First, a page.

Jenever from the Netherlands and Belgium

Genievre, genever, peket or jenever are names given to the juniper-flavored traditional and national liquor of Belgium and the Netherlands. In the English-speaking countries, it is also known as Hollands or Dutch gin. The drink is quite popular in Belgium and the Netherlands as well as in nearby German and French regions. Jenever is more flavorful than the usual gins as some of its basic ingredients include maize, malted barley, and rye.


Production of Jenever

Jenever is prepared by using a blend of two different spirits. Moutwijn or malt wine is the first spirit that adds a distinctive flavor to the drink. It is sort of an unaged whiskey that is produced by triple or even quadruple pot-distillation of a mixture of various cereals such as corn, rye, wheat and malted barley. Following the process of the final distillation, moutwijn is reduced to around forty-seven percent alcohol by volume, which is a comparatively lower distillation strength. It results in the spirit obtaining more malty flavors from its primary ingredients. The first distillation is known as “ruwnat,” while the second and third distillations are called “enkelnat” and “bestnat” respectively. The fourth and optional distillation is called “korenijn.”
The second spirit is prepared similarly to the preparation of most London Dry gins. A neutral spirit that is a very high-strength vodka is redistilled with the method of botanical flavorings such as caraway, angelica, coriander, orris and juniper. In the end, these two spirits are mixed and blended. The quantity of the first spirit used varies with relevance to the style of the jenever that is being prepared. Until the end of the 1800s, the drink was only malt wine, and that is still considered as traditional jenever, but after the invention of the continuous still, flavored spirit was added to malt wine to produce a clean and neutral spirit.

Various styles of Jenever


Basically, there are four styles of jenever including oude, jonge, korenwijn and fruit jeveners. While all these styles are different in the botanicals used and the quantity of malt wine they contain, each of them must have at least a particular proportion of malt wine which is specified by the law.

Jonge jenever

Jonge literally translates to young, so jonge jenever is a modern and young drink. It was first introduced in the 1950s in response to the customer’s demand for a light-flavored and more mixable drink. It consists of the least percentage of malt wine than all other jenever styles, which is only about five percent. Usually, it also has very few botanicals such that juniper can be barely detected in some brands. Jonge jenever must not contain more than fifteen percent of malt wine. It should have at least thirty-five percent alcohol by volume and a maximum of ten grams of sugar in one liter. If the label of the drink says it is grain jenever or graanjenever, the used neutral spirits are hundred percent grain-based.

Oude jenevers

The word oude literally means old, but it is not necessary for oude jenevers to be aged. In fact, they are called by that name because they are traditional and older as compared to the other styles. They are prepared by using more botanicals than the jonge jenevers. The recipe and proportion of ingredients in the drink vary from one brand to the other, but the basic aroma of myrrh and aloe are common in all oude jenevers. The traditional-styled jenever must consist of at least fifteen percent of malt wine and a maximum of twenty grams of sugar in one liter. It should be at least thirty-five percent alcohol by volume. If the label on the bottle mentions grain jenever or graanjenever, the neutral spirits that are used must be one hundred percent grain based. Usually, oude jenevers are not aged, but if the label specifies aging, it must have been aged in a barrel of seven hundred liters or less for at least a year.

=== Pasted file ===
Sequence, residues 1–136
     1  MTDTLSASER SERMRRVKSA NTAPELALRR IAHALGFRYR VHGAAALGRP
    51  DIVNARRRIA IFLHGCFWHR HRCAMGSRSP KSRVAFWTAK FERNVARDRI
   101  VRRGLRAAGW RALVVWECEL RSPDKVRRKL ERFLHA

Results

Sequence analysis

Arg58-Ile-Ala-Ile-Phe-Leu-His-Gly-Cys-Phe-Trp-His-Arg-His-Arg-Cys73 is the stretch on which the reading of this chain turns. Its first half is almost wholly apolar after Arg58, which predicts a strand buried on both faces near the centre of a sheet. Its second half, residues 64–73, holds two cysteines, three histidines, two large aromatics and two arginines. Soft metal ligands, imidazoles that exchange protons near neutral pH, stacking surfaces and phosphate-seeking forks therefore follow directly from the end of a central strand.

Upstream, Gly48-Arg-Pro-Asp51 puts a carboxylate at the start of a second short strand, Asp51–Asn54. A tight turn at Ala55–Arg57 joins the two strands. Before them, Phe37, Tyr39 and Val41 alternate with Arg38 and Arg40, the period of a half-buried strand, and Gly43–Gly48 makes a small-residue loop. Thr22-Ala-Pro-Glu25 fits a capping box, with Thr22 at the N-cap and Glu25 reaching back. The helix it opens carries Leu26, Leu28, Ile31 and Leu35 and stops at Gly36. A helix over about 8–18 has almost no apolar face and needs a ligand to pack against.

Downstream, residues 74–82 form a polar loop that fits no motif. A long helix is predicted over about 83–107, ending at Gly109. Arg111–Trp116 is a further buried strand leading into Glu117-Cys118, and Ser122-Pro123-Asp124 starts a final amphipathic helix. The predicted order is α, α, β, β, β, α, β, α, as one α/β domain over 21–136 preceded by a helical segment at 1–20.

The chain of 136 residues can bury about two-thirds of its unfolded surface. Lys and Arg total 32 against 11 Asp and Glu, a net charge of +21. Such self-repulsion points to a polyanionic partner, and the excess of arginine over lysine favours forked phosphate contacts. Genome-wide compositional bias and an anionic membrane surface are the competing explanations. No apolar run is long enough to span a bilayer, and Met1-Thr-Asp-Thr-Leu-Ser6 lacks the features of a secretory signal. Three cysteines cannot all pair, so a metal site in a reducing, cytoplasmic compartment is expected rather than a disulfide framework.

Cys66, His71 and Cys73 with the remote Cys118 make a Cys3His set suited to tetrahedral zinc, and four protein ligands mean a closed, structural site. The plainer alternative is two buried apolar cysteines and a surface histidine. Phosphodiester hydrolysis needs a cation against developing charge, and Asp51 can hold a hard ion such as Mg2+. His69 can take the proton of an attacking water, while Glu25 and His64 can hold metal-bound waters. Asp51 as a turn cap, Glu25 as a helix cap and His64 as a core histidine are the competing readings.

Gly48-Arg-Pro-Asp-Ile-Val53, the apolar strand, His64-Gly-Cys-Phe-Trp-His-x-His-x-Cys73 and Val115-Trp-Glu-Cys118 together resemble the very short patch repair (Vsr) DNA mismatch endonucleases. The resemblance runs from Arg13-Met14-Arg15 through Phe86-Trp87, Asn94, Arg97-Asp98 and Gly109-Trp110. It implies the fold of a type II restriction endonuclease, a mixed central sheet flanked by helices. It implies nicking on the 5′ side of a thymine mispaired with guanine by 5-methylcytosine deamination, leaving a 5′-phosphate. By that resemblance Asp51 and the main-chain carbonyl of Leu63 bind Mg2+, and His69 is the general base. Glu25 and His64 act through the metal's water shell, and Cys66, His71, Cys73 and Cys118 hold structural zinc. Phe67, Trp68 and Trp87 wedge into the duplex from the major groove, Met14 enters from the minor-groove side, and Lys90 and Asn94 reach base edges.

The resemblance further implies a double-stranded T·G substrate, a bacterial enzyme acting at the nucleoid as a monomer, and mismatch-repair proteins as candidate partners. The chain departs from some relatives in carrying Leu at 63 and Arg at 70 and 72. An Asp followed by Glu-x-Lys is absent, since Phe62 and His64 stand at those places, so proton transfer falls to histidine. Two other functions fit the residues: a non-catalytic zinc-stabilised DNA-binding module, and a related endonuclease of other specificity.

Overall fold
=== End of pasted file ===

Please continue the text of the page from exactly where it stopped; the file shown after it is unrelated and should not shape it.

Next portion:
Korenwijn (corn wine)

Korenwijn, which is translated as corn wine, is the third category of jenevers. It must have at least fifty-one percent of malt wine and a maximum of twenty grams of sugar in one liter. Korenwijn should be at least thirty-eight percent alcohol by volume. Similar to oude jenever, it must be aged in a barrel of seven hundred liters for at least one year.

Fruit jenevers

Just like the name suggests, fruit jenevers contain flavors of various fruits. They are a modern drink that gained popularity following the Second World War. Fruit jenever is a mixture of fruit and a little malt wine and has noticeable botanical characteristics.


Serving Tips

The Belgians and Dutch drink it neat in cold glasses. Kopstoot, which is pronounced as ‘cop-stout,’ is a traditional Dutch method and it literally means ‘a blow for your head.’ Simply put, you can have a shot of ice-cold jenever from a small tulip-shaped glass and then take a sip of beer. Similar to vodka, jonge jenever can be mixed with soda, cola or tonic. The percentage of juniper in a few brands is too low, so individuals who do not like the taste of London Dry gin might enjoy a jonge jenever and tonic. Moreover, some people prefer mixing jenever with bitters. They splash a couple of drops of bitters in an old-fashioned glass and rotate it to coat. Next, they fill the glass with chilled jenever and add ice. This style of serving is related to British pink gin.

Best Jenever Brands

Citadelle Reserve Gin is prepared by aging it in seasoned French oak barrels that give the drink a smooth feel and a high-quality flavor. It was created in 2008 and has been rewarded with the title of the Best Jenever Gin Brand.

Diep 9 Young Grain Genever Gin is produced in small copper pots. The drink has an oily appearance and a color that is quite similar to sap. You will experience the aroma of vanilla and cinnamon when drinking this jenever. It has a warm finish that gives a tingling feeling on the palate.